The Big Lie of Healthcare

Great piece here of them impending doom on the U.S. health insurance market.

How does this relate to The Big Lie?  Simple.  The government is not being honest with you.  The more people the government needs to support equals more leverage for tax dollars and regulation to force the market to do something the makes business sense.

Healthcare vs. Health Insurance

If you listen closely, when the Obama Administration talks about the problem of American’s not having access to healthcare isn’t true.  All Americans and probably anyone in this country regardless of status, age, sex, gender (because the two are different now), religion, creed, etc. are to be provided diagnostic and stabilizing care of an emergency medical condition.  The emphasis on stabilizing is important because it determines how much the hospital is going to have to make-up through charging higher prices elsewhere.  So, if you can’t pay and are having chest pains, go to the emergency room and are then discharged hours later with a potassium prescription then the costs are going to be much less of an encumbrance on the hospital than an uninsured meth lab explosion.

The reason?

It takes longer for a burn victim to be stabilized and be able to care for themselves.

One of the main areas of higher prices is in pharmacies.  Which according to studies indicates that hospitals use pharmacies—like laboratory services and imaging—to “generate revenue” for other parts of the hospital.  And this makes sense.  Every company has a “loss leader” where the cost in time and/or materials costs more than market pricing can support.  At Starbucks one of my favorites is a caramel macchiato apple cider, which, I’ve heard is a loss leader.  So, they make that up by selling regular coffee at exorbitant mark ups.  No one complains.  It is business and everyone agrees that Starbucks can make a profit.  True, some hospitals are non-profit and they rely on donors to make up the short fall, but what happens when the donors dry up?

Health insurance is not the same as healthcare.  Insurance spreads the cost of a claim over many people’s premiums on the “gamble” that the premiums are going to offset the cost of claims.  Simply having health insurance does not mean that one receives healthcare because healthcare is actively sought out.  Health insurance, in today’s society, is mandated.  And as we’ve seen with the onset of the Affordable Care Act having health insurance doesn’t mean one will seek healthcare because today the cost is too high.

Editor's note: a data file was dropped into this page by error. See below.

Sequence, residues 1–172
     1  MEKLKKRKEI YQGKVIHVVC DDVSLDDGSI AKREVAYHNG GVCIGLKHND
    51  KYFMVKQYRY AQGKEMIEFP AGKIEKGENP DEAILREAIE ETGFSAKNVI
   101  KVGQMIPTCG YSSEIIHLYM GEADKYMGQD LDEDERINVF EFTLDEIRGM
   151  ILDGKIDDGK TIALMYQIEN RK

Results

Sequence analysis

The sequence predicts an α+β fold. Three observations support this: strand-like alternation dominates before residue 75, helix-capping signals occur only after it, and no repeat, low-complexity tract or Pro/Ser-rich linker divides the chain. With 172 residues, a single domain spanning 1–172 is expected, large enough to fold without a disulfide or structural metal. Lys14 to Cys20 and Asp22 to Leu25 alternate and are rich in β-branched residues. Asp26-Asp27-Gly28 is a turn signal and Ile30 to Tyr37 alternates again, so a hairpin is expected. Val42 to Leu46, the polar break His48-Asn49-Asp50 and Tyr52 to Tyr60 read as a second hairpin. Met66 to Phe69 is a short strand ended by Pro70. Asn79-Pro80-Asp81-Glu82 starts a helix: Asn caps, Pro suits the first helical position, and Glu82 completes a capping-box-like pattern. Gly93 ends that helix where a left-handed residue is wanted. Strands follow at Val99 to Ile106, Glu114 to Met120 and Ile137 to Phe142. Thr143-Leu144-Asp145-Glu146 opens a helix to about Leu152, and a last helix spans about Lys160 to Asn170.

So, when claims are touted as expanding access to affordable healthcare, the facts don’t support the claims.

A Practical Response

The real increase in the cost of healthcare comes from the provider in the form of increasing medical malpractice premiums and the increased cost of diagnostic testing utilized by insurance companies to “cover themselves” and stave off litigious lawsuits.  This increased regulation is also producing more man-hours of work for doctors and hospitals just to operate, this increasing costs.  Reducing regulation and the threat of lawsuit will go a long way to help reducing costs.  Simple economics.

The Christian Response

Christians need to reassert themselves as being a positive influence for culture and cultural change.  One aspect of this is that societies past people realized that all people make mistakes and only gross negligence was viewed as worthy of a lawsuit.  However, today, a more selfish, greedy people are looking for a “quick buck” and some see lawsuits as a means to an end.  This is not to say that all medical malpractice suits are unwarranted, only that there is an assumption of risk in medicine both for the patient and practitioner.  Lawsuits don’t alleviate the risk.  Life is risky.  We should be thankful there are those in the healthcare profession with the knowledge and wisdom and talent and gifting and patience and stamina to make us and keep us healthy.

Additionally, communities used to help each other.  Church organizations started hospitals to fulfill that need.  Communities had funds to care for their citizens who couldn’t buy groceries that month or pay for a life-threatening operation.  Today we are so “mePhone” focused we can’t/don’t/won’t help others.

Can’t because we are paying too much for debt and bills and don’t have the finances to fulfill our hearts wants.

Don’t because of a heart issue or lack of attention to the issues.

Won’t because of serious heart issues and not wanting to care for the needs of others.

What are your thoughts?